Militant Palestinian group behind Israel attack, Egypt official says

An Israeli soldier detains an Arab Israeli after he tried to pass a police roadblock Monday.

Story highlights

  • Palestinian terrorist group claims responsibility for Israel attack, official says
  • Concerns growing about extremist activities in Sinai, officials say
  • A rocket is launched from Gaza, but no injuries are reported, Israeli police say
  • Attack will not deter border fence project, Israel's prime minister says

A Palestinian terrorist group claimed responsibility Monday for the attack on an Israeli border fence construction site that left one worker and three attackers dead, according to a North Sinai intelligence officer.

The attack on Israel's southern border with Egypt was the work of Palestinian Islamic Jihad, according to the intelligence officer, who asked not to be identified because he was not authorized to speak to the media.

The group is an Iranian-backed militant group that calls for the destruction of Israel and creation of an Islamic state in its place.

Three armed men conducted the attack Monday morning, and all were killed by Israeli helicopter fire, the officer said. Israeli officials have said security forces killed two gunmen.

The militants targeted the construction site with a roadside bomb, an anti-tank missile and small arms fire, the Israel Defense Forces said.

An Arab-Israeli construction worker died in the attack, the IDF said. Authorities identified the worker killed as Saeed Phashpashe, a father of four from Haifa.

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In another attack, a rocket fired from Gaza exploded at Israel's Hof Ashkelon regional council offices, police spokesman Micky Rosenfeld said. No injuries were reported. It was not immediately known who was responsible for that attack.

The IDF also said the Israel Air Force had scored a direct hit Monday on "a terrorist squad attempting to fire a rocket at Israel from the northern Gaza Strip."

The Israeli government said Saturday that militants operating from Egypt had launched two medium-range rockets that landed near an airport construction site. No injuries were reported.

The Haaretz newspaper in Israel quoted an unnamed Israeli official as saying the Saturday attack was carried out at the behest of Egypt's Muslim Brotherhood by Bedouin in the Sinai who had been supplied by Hamas.

Gen. Saleh Al Masry, the head of North Sinai Security, told CNN that it is possible the rockets may have been fired from Sinai by Bedouin but the involvement of the Muslim Brotherhood was far-fetched.

"This attack took place on the first day of elections, and defaming the Muslim Brotherhood may have been an under-the-belt blow by Israelis to affect their ratings at the poll somehow," he said.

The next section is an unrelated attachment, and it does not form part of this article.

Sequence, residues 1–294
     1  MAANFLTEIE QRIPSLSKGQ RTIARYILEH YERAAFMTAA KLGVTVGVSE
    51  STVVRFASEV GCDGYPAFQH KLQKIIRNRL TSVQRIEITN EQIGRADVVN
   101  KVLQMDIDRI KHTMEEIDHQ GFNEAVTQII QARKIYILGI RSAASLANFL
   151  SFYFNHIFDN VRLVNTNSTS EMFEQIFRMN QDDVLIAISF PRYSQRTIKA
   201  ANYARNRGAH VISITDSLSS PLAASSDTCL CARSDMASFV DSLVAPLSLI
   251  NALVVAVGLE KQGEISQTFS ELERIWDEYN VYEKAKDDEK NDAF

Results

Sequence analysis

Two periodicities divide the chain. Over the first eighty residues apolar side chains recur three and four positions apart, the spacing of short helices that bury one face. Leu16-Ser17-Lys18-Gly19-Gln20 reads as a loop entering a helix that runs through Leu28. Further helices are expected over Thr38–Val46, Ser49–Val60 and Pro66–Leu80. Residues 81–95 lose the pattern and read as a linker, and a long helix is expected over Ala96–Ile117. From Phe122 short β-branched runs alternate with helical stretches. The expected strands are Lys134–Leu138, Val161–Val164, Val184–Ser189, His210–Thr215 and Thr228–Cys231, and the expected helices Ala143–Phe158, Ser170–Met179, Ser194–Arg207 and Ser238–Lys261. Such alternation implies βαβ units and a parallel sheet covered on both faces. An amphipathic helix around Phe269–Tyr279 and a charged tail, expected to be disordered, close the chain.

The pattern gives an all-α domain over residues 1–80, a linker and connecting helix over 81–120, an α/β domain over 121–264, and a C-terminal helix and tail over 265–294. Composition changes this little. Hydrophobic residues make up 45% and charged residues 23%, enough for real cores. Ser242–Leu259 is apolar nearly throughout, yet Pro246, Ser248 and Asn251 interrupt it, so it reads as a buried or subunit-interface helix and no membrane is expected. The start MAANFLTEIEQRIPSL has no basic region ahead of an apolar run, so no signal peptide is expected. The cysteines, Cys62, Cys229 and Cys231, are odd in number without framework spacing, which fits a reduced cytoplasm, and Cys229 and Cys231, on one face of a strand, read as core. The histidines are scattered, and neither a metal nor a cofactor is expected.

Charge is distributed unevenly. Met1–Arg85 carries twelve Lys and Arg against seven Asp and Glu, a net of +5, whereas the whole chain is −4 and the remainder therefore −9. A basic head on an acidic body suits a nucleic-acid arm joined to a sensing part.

The security vacuum in Sinai remains one of the major challenges to the Egyptian government and its new president.

Bedouin tribes have kidnapped a number of tourists in the past months, seeking the release of fellow tribesmen detained in prison. In one case the government exchanged a Bedouin prisoner for two U.S. tourists kidnapped in Southern Sinai during their vacation.

The Israeli government and the international diplomatic community have expressed concern that Islamic extremists may have taken harbor in Sinai after the January 25 uprising that toppled Mubarak.

Usama Imam, an investigator with Egyptian National Security, expressed concern that Islamic Jihadists from Gaza have been infiltrating into Egypt through tunnels with the assistance of the Bedouin tribes.

"We are fighting armed Islamic extremists groups in Sinai like Takfir-Wal-Higra who were resurrected after the revolution and are clearly responsible for the bombings of the pipeline exporting gas to Israel," Imam told CNN

"There is increasing evidence that al Qaeda cells are present in Sinai and we are tracking them with all our security capabilities " Imam added.

Defense Minister Ehud Barak said the attacks signaled a "disturbing deterioration in Egyptian control of the Sinai."

"We are waiting for the results of the election," Barak said. "Whoever wins, we expect them to take responsibility for all of Egypt's international commitments, including the peace treaty with Israel and the security arrangements in the Sinai, swiftly putting an end to these attacks."

Militants have been launching attacks across the border with some frequency. In August 2011, militants crossed into Israel from Egyptian territory to attack civilian targets.

Eight Israeli citizens were killed in the attacks, which Israel has said were the work of a terror group based in Gaza. Responding to the attacks, Israeli troops killed five Egyptian border guards while pursuing the militants.

The incident strained relations between the two governments, with Egypt recalling its ambassador in protest.

After an investigation, Israel apologized in October for the deaths of the Egyptian policemen. A rare statement of regret was issued in the days after the shootings.

After the revolution in Egypt and the subsequent increase of instability in the nation's Sinai peninsula, the Israeli government has accelerated the pace of construction of a steel border fence that will run along the 260 kilometers (about 160 miles) of shared border.

Originally proposed as a method of stemming the flow of illegal immigration into Israel, the $350 million fence is increasingly being regarded in Israel as a necessary defense against lawlessness and what Israel says is the growing influence of radical Islamist groups operating in the Sinai Peninsula.

Construction is expected to be completed by the end of the year.

Prime Minister Benjamin Netanyahu vowed Monday that the morning attack won't slow work on the security fence.

"This barrier is meant both to prevent terrorism and also to prevent the entrance of infiltrators," he said. "Its construction is of supreme national interest."